C3 researchers countered claims made by Atlantic City casino execs that suggested gamblers who like to smoke would take their business to nearby Philadelphia. That’s where several casinos continue to allow indoor cigarette and cigar smoking.

Should the New Jersey Legislature close the smoking loophole and prohibit smoking in Atlantic City casinos, gamblers from New York, New Jersey, and Eastern Pennsylvania will have only four options if they want to gamble in a smoking environment and none of them offers the same gaming/entertainment experience as Atlantic City,” the C3 report declared.

The C3 conclusion references indoor smoking remaining at Live! Casino & Hotel Philadelphia, Harrah’s Philadelphia, Rivers Casino Philadelphia, and Valley Forge Casino Resort.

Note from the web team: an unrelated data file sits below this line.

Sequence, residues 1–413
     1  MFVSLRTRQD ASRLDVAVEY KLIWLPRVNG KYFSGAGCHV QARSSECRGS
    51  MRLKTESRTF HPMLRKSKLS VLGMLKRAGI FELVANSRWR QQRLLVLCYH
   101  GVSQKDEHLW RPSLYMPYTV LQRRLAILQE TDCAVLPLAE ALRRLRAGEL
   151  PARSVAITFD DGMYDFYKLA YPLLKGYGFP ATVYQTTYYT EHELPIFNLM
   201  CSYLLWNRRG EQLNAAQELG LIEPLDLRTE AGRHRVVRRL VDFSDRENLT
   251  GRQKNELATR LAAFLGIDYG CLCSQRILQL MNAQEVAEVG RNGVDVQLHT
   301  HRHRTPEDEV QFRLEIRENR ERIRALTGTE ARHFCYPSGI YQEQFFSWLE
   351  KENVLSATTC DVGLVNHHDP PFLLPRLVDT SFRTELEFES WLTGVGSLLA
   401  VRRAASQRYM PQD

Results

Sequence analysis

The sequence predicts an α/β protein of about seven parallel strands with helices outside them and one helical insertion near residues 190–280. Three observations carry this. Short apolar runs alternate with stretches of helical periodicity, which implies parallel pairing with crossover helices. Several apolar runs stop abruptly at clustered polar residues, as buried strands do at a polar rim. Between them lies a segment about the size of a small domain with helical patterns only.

Wind Creek Bethlehem, about an hour north of Philly, also allows indoor smoking. Parx Casino Philadelphia, however, which is the richest casino in the state, does not.

Some lawmakers in New Jersey — mainly Republicans — think there might be possible solutions to better protect worker health than imposing a complete ban. New Jersey Sen. Vince Polistina (R-Atlantic), once a major supporter of a casino smoking ban who flipped his position after hearing from the casinos, is reportedly considering introducing a concession bill that would continue to allow some form of indoor smoking.

Ideas floated include fully enclosed smoking rooms where slot machines and a few table games would operate. The casinos have assured lawmakers that only volunteer employees would work in such environments.

CEASE members aren’t buying it.

“Sen. Polistina should not introduce his so-called ‘compromise’ bill that will only compromise the health of Atlantic City workers,” CEASE wrote. “Only a couple of weeks ago, he told workers that [S1493] did not have the votes to get out of this committee. But here we are celebrating this milestone. The train is leaving the station and it’s time for him to get on board or get out of the way.”